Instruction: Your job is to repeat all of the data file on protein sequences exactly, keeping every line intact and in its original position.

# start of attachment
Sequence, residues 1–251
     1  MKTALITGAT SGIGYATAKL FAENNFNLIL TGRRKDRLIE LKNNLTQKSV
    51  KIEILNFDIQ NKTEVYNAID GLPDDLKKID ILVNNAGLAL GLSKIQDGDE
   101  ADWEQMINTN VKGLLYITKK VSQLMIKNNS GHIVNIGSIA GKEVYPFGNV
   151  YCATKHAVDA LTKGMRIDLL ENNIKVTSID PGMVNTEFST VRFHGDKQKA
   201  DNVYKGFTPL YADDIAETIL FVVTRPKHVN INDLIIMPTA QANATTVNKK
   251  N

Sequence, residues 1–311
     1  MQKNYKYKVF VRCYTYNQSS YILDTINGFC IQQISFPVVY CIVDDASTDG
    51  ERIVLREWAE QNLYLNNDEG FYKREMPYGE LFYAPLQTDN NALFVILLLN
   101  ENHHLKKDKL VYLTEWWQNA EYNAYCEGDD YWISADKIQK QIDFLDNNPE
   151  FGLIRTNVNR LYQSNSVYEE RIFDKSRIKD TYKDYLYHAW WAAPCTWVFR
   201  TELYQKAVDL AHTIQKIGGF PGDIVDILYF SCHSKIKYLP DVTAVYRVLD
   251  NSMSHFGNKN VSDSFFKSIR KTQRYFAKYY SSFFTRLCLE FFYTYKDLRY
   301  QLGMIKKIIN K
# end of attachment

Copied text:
Sequence, residues 1–251
     1  MKTALITGAT SGIGYATAKL FAENNFNLIL TGRRKDRLIE LKNNLTQKSV
    51  KIEILNFDIQ NKTEVYNAID GLPDDLKKID ILVNNAGLAL GLSKIQDGDE
   101  ADWEQMINTN VKGLLYITKK VSQLMIKNNS GHIVNIGSIA GKEVYPFGNV
   151  YCATKHAVDA LTKGMRIDLL ENNIKVTSID PGMVNTEFST VRFHGDKQKA
   201  DNVYKGFTPL YADDIAETIL FVVTRPKHVN INDLIIMPTA QANATTVNKK
   251  N

Sequence, residues 1–311
     1  MQKNYKYKVF VRCYTYNQSS YILDTINGFC IQQISFPVVY CIVDDASTDG
    51  ERIVLREWAE QNLYLNNDEG FYKREMPYGE LFYAPLQTDN NALFVILLLN
   101  ENHHLKKDKL VYLTEWWQNA EYNAYCEGDD YWISADKIQK QIDFLDNNPE
   151  FGLIRTNVNR LYQSNSVYEE RIFDKSRIKD TYKDYLYHAW WAAPCTWVFR
   201  TELYQKAVDL AHTIQKIGGF PGDIVDILYF SCHSKIKYLP DVTAVYRVLD
   251  NSMSHFGNKN VSDSFFKSIR KTQRYFAKYY SSFFTRLCLE FFYTYKDLRY
   301  QLGMIKKIIN K